Zach’s Zany Movie Reviews: MARRIAGE STORY (Netflix, no spoilers)

MARRIAGE STORY is Noah Baumbach’s best film. If you’ve been a long time reader of my reviews, or know me in person, I probably haven’t said too kind a word about most of Baumbach’s filmography including (but not limited to) Greenberg, Frances Ha, The Meyerowitz Stories or even the critically acclaimed The Squid And The Whale. I just thought his films were a little bit too quirky and they were trying to be quirky without being subtle with any of it, trying to shove it in your face and scream in your ear, “Hey, I’m a really quirky independent film, look how fucking quirky I am, you must love me because I’m different and quirky.” No, that shit doesn’t work for me. Marriage Story is his most real and down to Earth film, some parts being quirky, but they earn their quirkiness for being real and not shoving spoonfuls of it into your face. The dialogue is crisp, the acting is fucking phenomenal, both Adam Driver and Scarlett Johansson deserve to be nominated, and I would not raise one concern if they ended up winning. Marriage Story is actually a pretty great film. But I will never ever ever ever ever ever ever ever ever ever ever ever ever ever ever ever watch it again. Ever. Have I said ever?

Not to rip on the film, it’s trying to be as real as possible, and I appreciate that in the best way possible, but this film is so fucking hard to watch. And I can’t imagine how hard it is to watch for couples/individuals going through a divorce, already been divorced, thinking about divorce, right at the end of a divorce, fuck, even for people going through a small rough patch in their relationship/marriage. It really fucking feels real. Oh shit….did I forget to mention what the film is about? Well, the title is a little misleading isn’t it? The movie is called Marriage Story, but it’s really the story of a couple going through a divorce with a kid. And no, it doesn’t go through flashbacks with them to show their marriage through the years (that is done tastefully and authentically well represented through fantastic dialogue), it is just saying that divorce could be part of a story about marriage. Adam Driver and Scarlett Johansson’s characters are medium profile successful people. Driver’s a director who’s play that he co-developed with Johansson is about to launch on Broadway without her (because of the divorce) and she is a small time actress whose TV pilot got picked up to series, and she had a huge teen movie hit in her past. She moves to L.A. for the show and wants Henry to be with her. Driver wants to stay with his career in New York. They both want to do the divorce without lawyers, but suddenly she’s getting one, which forces him to get one…as you can see, it turns into a giant messy mess, which I’m guessing is what a lot of divorces are and what they do to people.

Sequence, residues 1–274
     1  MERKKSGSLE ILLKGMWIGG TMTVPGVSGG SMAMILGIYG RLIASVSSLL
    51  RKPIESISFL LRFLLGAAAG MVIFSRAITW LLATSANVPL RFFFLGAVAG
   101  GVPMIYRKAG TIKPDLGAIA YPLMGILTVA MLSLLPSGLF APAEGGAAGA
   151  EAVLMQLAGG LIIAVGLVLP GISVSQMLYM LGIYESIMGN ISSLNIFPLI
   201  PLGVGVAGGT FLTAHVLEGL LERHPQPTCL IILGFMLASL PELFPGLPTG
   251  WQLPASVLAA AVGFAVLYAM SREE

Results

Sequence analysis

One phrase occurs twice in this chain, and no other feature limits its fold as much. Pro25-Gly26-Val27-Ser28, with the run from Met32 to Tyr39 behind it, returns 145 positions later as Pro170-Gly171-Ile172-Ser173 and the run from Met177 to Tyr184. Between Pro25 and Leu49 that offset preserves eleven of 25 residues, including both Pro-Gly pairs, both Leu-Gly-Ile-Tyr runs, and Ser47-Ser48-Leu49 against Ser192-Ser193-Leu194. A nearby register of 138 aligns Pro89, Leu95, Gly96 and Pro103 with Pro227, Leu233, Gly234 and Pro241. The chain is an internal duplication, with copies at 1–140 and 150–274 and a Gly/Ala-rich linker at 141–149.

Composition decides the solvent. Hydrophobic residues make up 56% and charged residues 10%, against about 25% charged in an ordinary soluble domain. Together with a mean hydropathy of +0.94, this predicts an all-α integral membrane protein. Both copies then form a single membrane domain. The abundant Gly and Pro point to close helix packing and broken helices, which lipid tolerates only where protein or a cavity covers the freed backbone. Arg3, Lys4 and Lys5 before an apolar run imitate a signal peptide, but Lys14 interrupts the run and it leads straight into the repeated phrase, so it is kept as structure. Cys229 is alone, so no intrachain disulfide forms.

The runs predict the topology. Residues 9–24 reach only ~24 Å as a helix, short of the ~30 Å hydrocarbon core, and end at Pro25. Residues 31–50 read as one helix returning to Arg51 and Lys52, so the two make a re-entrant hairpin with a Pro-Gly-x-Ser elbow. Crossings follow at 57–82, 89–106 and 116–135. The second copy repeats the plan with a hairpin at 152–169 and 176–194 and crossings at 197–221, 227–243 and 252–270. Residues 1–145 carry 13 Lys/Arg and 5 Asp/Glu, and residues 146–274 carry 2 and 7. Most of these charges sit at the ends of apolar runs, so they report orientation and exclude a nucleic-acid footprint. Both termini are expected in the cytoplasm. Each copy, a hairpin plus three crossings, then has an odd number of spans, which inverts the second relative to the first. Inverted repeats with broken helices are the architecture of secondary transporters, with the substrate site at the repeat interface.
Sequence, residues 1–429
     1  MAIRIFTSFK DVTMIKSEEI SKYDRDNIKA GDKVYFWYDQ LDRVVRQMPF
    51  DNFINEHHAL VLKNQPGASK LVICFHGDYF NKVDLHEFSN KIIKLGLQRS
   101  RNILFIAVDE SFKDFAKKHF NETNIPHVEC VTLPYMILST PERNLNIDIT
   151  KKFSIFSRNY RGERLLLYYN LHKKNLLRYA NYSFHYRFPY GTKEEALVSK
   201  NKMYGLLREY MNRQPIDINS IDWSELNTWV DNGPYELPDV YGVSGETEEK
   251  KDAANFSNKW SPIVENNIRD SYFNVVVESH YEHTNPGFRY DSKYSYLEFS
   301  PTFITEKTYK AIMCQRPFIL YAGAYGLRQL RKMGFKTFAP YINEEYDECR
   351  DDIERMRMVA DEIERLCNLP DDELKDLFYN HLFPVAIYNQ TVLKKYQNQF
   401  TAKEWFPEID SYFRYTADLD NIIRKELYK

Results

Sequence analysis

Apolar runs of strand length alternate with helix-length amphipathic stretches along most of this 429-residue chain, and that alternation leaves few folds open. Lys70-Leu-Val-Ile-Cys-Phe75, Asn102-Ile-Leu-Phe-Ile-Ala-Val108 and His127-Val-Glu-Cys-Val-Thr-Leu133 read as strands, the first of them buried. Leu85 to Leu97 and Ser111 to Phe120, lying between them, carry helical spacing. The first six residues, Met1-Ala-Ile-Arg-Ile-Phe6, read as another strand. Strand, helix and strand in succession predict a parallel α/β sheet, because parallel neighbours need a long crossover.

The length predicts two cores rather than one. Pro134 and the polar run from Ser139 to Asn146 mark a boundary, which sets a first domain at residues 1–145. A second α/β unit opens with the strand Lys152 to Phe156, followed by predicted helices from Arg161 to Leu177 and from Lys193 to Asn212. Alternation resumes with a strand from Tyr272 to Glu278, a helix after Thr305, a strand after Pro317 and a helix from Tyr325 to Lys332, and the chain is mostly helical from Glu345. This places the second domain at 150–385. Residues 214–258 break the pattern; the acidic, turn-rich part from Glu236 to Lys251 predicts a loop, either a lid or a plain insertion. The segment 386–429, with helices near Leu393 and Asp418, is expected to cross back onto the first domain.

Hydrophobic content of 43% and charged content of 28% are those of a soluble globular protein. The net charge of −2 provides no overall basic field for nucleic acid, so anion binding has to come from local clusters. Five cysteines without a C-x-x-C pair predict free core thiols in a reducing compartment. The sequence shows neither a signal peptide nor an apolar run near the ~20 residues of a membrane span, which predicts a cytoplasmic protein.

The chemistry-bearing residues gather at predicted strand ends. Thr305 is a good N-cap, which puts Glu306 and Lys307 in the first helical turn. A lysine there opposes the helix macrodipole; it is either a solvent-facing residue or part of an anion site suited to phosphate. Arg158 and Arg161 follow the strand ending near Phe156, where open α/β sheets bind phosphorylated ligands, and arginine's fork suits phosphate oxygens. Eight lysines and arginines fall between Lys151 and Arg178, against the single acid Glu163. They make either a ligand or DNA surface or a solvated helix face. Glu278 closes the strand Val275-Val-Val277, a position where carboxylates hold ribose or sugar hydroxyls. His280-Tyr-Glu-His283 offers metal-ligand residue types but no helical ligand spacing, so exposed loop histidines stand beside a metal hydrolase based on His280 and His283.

That’s all I’ll tell you about the story film. The film is a hefty 2 hrs and 15 minutes of just depressing sadness. But there isn’t a slow minute to be found. The dialogue is crisp, clean, interesting to hear, real and comes at you at rapid pace. There are some genuinely funny scenes that try and relieve you somewhat of the trauma these two are going into but don’t be fooled, this movie is a straight one way ticket to Depressed Town. The ending? Hopeful yet real yet still made me sad. It’s just a sad sad sad sad movie. And I think the reason it is so sad is because of the acting and that these characters seem like people you might know in your own lives. Adam Driver and Scarlett Johansson deserve all the acting nods and possible awards they are going to get in this. They are absolutely fucking incredible, the best performances I’ve seen from either of them, and Scarlett was fantastic in JoJo Rabbit just a month ago as well, Driver great in The Report on Amazon Prime. I love how the film paints neither as a bad guy, they are just wanting something different out of their lives, and think that this divorce will finally un-tether a cord that has long been frayed. The movie doesn’t choose sides at all. It chooses a side on certain situations, but these two characters aren’t despicable or ugly or mean, or unforgivable. They are just normal people.